Being a fox-chasing lad of the left, I used to comfort myself with the thought that Engels also liked hunting. All the same, Engels too felt the need to justify his passion. There was probably some snickering in the International Working Men's Association, so he said the revolution would need cavalry. Hunting was good training. Back oh-so-many years ago the left, or at least my sector of it, tended to be snooty about sport. We thought it was a distraction. All those workers cheering their soccer teams could otherwise be putting up barricades and shooting the bankers.
With our derisive talk about "the spectacle" we didn't catch the eternally equivocal nature of sport, nicely summed up by the Frenchman Roger Caillois in his excellent little book, Man, Play and Games, published in English in 1961. Caillois took issue with Jan Huizinga's observation in Homo Ludens that play "is a free activity standing quite consciously outside ordinary life.... It proceeds within its own proper boundaries of time and space, according to fixed rules and in an orderly manner."
"Rules," Caillois answered, "are inseparable from play as soon as the latter becomes institutionalized. They transform it into an instrument of fecund and decisive culture. But a basic freedom is essential to play in order to stimulate distraction and fantasy. This liberty is its indispensable motive power and is basic to the most complex and carefully organized systems of play. Such a primary power of improvisation and play, which I call paidia, is allied to the taste for gratuitous difficulty which I propose to call ludus, in order to encompass the various games to which, without exaggeration, a civilizing quality can be attributed. In fact, they reflect: the intellectual and moral values of a culture, as well as contribute to their refinement and development."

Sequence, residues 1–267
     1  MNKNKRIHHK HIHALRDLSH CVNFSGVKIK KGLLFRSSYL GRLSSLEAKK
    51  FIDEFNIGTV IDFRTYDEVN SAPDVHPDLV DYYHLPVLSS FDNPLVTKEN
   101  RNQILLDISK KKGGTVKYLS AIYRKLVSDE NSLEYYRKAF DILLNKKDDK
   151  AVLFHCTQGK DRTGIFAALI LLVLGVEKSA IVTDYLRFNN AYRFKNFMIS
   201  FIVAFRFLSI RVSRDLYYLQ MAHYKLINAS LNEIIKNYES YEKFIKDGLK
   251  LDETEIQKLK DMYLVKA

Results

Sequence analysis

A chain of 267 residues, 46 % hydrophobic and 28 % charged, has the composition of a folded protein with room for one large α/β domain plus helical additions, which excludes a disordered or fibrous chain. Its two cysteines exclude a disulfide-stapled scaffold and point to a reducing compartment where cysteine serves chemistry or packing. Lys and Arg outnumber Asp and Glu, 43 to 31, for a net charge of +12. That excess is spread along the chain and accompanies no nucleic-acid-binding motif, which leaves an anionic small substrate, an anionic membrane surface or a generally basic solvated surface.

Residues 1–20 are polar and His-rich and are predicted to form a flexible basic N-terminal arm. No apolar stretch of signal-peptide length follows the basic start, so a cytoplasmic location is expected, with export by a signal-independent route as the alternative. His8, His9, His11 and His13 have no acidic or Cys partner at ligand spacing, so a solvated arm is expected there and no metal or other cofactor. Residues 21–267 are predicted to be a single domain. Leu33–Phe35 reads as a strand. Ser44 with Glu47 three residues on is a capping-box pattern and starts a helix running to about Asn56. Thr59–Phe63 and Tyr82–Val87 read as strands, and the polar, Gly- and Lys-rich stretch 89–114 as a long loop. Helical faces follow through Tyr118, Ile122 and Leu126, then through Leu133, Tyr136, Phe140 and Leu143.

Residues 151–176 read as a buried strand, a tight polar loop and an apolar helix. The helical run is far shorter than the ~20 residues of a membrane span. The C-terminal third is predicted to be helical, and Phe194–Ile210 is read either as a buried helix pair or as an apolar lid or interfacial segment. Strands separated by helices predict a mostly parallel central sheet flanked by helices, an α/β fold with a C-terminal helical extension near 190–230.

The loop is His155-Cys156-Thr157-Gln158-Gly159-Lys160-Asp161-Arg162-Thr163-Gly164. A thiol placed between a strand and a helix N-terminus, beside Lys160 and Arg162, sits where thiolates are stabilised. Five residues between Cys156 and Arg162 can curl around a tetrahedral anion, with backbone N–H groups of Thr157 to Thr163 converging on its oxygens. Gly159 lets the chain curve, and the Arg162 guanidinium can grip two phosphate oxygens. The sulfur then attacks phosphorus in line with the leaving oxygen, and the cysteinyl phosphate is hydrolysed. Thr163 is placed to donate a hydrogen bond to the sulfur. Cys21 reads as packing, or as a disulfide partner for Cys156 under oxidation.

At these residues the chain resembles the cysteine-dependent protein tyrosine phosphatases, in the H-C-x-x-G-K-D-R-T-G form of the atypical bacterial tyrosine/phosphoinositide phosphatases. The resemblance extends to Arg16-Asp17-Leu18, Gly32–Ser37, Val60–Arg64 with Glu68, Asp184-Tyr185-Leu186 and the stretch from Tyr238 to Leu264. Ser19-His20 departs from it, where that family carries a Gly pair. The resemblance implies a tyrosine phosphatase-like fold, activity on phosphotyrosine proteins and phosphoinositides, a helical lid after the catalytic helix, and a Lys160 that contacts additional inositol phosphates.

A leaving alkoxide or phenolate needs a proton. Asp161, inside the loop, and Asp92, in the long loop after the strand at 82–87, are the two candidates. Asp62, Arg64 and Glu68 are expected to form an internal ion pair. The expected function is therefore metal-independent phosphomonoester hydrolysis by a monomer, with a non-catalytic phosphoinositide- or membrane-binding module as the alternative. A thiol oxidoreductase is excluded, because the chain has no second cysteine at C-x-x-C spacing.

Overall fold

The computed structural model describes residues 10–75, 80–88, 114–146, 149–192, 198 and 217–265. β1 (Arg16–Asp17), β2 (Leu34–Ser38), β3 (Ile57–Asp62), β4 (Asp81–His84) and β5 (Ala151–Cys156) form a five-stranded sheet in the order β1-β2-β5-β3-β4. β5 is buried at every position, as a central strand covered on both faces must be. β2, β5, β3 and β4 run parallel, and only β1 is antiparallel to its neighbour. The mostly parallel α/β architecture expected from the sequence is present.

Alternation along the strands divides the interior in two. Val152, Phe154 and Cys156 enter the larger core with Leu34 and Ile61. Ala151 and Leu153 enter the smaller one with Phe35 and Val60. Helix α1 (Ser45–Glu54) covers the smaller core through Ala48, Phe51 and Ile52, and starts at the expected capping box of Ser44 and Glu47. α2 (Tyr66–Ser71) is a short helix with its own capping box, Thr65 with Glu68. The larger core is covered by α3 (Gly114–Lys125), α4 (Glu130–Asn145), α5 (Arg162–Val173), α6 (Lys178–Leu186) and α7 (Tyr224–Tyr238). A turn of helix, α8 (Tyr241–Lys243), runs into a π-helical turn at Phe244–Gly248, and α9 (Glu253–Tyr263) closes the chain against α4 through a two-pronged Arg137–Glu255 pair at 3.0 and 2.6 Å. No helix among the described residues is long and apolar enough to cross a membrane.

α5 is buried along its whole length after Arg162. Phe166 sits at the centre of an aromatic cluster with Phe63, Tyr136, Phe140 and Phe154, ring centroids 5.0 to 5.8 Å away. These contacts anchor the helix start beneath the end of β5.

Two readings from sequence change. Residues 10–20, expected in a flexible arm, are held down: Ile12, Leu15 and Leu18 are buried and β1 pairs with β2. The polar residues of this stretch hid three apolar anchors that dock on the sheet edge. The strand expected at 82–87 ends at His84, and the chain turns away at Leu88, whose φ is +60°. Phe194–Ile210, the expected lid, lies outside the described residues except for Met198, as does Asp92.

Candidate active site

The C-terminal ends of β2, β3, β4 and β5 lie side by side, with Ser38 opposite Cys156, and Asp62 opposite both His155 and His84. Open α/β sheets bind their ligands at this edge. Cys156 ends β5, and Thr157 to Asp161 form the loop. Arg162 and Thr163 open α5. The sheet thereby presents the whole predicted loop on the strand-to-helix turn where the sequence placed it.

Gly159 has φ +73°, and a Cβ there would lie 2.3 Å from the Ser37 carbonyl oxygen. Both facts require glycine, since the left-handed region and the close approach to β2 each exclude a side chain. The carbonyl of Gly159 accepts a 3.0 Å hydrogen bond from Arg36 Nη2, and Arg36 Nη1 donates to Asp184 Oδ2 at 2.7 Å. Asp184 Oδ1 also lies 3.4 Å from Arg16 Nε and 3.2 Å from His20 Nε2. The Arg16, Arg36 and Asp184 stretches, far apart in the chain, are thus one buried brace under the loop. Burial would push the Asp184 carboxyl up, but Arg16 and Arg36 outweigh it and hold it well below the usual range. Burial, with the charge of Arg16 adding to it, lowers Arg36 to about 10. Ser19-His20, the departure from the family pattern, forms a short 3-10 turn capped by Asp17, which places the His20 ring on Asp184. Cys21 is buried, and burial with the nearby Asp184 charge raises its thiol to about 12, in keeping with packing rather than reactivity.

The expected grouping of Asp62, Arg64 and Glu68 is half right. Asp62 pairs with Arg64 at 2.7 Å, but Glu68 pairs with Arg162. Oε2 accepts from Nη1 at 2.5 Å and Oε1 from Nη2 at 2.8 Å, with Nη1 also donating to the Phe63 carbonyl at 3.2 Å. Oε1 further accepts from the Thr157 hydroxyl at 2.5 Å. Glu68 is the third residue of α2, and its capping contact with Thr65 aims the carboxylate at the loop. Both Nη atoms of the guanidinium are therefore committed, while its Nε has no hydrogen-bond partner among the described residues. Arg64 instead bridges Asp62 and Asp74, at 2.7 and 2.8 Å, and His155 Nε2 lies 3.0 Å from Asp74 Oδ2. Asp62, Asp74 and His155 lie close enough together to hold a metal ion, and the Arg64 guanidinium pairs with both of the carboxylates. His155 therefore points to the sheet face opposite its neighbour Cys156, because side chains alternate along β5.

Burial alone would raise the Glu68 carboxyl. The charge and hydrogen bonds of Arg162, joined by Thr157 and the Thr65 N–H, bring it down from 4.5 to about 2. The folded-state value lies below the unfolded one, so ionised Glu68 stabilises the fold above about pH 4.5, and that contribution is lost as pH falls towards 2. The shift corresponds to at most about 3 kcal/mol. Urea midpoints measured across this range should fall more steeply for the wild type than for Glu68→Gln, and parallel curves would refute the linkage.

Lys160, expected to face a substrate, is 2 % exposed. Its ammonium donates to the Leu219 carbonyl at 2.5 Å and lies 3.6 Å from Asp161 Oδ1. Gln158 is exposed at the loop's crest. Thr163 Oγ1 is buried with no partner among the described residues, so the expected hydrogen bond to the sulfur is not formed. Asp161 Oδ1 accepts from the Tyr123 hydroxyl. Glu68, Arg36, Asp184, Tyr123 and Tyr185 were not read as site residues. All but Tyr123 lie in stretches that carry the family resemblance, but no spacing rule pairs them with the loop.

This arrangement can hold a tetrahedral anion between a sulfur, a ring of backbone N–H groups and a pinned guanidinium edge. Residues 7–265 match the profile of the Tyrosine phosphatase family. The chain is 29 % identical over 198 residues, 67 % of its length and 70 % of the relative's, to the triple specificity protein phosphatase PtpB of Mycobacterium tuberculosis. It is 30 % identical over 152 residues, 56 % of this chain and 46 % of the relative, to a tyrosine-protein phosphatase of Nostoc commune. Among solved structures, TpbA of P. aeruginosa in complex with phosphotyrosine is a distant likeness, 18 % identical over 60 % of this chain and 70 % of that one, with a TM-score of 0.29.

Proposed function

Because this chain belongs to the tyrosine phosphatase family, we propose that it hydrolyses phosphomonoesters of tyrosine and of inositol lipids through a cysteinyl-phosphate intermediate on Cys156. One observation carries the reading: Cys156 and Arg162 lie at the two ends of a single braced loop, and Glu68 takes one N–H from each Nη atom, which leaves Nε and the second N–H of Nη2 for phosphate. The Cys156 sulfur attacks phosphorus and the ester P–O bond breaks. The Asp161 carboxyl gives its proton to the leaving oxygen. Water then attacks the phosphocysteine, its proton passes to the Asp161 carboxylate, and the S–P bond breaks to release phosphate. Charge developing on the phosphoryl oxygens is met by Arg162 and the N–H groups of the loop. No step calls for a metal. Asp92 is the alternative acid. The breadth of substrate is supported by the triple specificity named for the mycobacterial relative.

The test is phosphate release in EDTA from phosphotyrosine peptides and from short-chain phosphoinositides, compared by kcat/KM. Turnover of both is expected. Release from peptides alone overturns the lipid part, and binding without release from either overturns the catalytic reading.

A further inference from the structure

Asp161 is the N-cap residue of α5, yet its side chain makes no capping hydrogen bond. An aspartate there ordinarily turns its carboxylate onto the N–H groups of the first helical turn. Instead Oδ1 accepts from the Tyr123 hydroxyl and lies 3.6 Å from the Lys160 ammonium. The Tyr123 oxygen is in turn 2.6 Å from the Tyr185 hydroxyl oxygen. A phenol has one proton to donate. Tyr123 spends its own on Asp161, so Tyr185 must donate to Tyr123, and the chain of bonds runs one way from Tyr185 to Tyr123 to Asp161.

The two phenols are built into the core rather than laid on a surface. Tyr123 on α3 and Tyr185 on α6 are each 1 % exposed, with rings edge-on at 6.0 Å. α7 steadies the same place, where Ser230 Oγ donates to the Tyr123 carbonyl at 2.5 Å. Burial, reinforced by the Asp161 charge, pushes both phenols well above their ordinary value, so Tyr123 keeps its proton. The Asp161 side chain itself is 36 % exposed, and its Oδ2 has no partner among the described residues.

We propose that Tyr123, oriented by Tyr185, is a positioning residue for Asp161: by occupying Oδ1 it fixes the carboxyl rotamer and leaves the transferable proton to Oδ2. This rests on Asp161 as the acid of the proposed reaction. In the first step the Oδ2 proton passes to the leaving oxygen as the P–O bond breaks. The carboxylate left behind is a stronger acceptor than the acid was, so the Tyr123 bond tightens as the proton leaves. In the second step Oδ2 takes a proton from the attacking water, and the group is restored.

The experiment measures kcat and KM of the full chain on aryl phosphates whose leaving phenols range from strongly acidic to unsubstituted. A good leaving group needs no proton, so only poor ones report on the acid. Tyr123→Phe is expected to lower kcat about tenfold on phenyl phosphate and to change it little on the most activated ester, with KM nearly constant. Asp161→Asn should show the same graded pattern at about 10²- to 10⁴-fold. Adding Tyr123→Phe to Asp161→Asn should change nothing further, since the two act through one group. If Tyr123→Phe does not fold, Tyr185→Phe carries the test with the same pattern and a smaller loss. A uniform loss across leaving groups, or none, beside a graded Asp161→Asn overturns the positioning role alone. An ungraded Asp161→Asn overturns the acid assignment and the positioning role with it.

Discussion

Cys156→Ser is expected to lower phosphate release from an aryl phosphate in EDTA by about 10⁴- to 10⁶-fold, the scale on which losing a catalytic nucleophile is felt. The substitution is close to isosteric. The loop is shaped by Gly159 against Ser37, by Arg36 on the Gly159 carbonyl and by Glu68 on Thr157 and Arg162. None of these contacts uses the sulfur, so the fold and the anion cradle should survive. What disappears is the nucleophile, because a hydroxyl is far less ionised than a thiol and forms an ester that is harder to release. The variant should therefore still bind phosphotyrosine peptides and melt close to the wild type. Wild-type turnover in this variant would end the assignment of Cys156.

The authorities revel in rules. Liberty terrifies them. At: first the leaders of the infant Soviet Union eagerly seized on chess. As the Soviet chess historian A. Kogan put it, "From the point of view of the revolutionary vanguard of the proletariat, chess is not an end in itself but a means of raising the cultural (and thereby also the political) level of the laboring masses in the world."
By 1924 the Third All-Union Congress was announcing that the attributes required of a good chess player "show all the attributes of an intellectually and psychologically perfect type of individual;" and that chess is "a political weapon that must be used in order to give to the working masses, tired after their daily labor, a rational leisure activity."
Chess reached the apex of its career as a weapon in the class struggle at the end of the twenties. "In time," the Soviet chess commissar announced, "the situation must be reached wherein every chess-playing worker in the U.S.S.R. must be a leader in socialist competition in industry....the chess organization has every right to demand that chess workers should be in the front ranks of the building of socialism, of technical mastery and of the rapid and successful development of the First Five-Year Plan."
But amid these clarion calls there were also apprehensions about the possibly seditious, anti-Stakhanovite nature of chess; about the worrisome fact that chess players tend to like nothing much besides playing chess. There were fears too that chess associations might not be political enough. A commissar said ominously that there was excessive focus on competitions and championships, that political and industrial tasks were being shirked while "political disinterestedness flourished, under cover of which chess circles harbored sentiments remote from, or even hostile to, the proletariat."
To the Bolshevik leaders, chess was certainly an alluring alternative to such favored pastimes of the masses as brewing liquor, drinking it, then brawling. It was also a weapon against superstition. "No people" Lunacharsky, commissar for education, declared in 1928, "are more superstitious than card players. …